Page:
The spleen is about the size of a clenched fist and is the largest lymphatic organ. It is located in the upper left quadrant of the abdominal cavity and has a rich blood supply.

The spleen filters blood and reacts immunologically to blood-borne antigens

The spleen has both morphologic and immunologic filtering functions. In addition to large numbers of lymphocytes, it contains specialized vascular spaces or channels, a meshworlc of reticular cells and reticular fibers, and a rich supply of macrophages. These contents allow the spleen to monitor the blood immunologically, much as the macrophages of the lymph nodes monitor the lymph.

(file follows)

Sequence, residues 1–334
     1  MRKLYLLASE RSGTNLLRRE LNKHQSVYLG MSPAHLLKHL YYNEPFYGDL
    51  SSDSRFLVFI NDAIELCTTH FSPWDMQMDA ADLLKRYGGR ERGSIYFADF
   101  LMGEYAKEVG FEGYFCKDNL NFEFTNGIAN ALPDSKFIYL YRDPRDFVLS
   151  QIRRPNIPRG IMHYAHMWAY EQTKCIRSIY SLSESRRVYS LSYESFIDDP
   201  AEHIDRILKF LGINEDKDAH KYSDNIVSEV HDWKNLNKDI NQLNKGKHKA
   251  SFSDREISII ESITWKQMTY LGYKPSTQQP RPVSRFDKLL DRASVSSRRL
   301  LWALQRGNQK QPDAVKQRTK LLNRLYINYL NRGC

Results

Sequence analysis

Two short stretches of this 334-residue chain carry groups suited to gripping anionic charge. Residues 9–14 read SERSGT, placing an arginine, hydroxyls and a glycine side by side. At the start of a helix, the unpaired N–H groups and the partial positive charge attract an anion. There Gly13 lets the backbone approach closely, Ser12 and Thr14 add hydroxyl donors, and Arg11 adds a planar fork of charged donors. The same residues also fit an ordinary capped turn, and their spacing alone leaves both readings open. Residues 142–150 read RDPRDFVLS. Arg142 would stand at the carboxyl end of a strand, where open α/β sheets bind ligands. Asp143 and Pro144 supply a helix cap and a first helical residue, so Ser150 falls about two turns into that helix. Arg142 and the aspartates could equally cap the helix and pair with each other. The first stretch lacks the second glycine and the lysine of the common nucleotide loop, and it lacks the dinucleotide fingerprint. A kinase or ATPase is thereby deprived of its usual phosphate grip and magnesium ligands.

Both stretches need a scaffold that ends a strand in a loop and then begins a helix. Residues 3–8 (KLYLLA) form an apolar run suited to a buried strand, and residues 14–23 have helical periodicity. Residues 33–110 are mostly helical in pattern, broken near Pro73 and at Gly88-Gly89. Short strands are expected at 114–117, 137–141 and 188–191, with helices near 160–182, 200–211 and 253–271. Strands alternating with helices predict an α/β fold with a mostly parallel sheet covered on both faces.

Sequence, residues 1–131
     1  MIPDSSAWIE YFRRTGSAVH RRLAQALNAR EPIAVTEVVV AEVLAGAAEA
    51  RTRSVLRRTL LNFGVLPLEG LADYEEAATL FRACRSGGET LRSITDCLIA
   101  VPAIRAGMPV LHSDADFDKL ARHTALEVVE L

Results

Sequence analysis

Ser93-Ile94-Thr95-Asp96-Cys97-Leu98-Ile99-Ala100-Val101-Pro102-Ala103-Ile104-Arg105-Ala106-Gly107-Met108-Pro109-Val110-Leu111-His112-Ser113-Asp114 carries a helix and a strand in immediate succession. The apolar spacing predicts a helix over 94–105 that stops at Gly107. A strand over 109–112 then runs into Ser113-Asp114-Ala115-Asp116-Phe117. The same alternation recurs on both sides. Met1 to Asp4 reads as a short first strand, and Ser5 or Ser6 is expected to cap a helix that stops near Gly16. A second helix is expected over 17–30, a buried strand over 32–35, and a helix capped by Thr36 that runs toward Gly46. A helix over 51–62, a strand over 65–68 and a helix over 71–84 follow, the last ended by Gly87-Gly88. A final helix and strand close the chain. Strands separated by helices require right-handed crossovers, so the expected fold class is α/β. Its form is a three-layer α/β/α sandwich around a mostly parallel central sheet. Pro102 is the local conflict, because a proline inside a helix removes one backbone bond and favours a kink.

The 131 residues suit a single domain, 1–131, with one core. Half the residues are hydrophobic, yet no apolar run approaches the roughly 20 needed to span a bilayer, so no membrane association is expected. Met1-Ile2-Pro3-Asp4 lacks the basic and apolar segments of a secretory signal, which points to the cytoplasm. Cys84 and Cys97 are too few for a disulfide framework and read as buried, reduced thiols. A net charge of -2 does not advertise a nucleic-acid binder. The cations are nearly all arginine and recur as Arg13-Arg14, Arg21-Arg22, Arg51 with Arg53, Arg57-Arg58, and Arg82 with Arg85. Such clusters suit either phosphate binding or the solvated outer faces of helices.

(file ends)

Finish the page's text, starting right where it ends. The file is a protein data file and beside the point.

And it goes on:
Most of the spleen consists of splenic pulp. Splenic pulp, in turn, is divided into two functionally and morphologically different regions: white pulp and red pulp, based on the color of fresh sections. White pulp appears as circular or elongated whitish gray areas surrounded by red pulp.

The spleen is enclosed by a dense connective tissue capsule from which trabeculae extend into the parenchyma of the organ (Fig. 13.29). The connective tissue of the capsule and trabeculae contains myofibroblasts. These contractile cells also produce extracellular connective tissue fibers. In

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negative selection positive selection type I ere capsule type VI ere Hassall's corpuscle postcapillary venule

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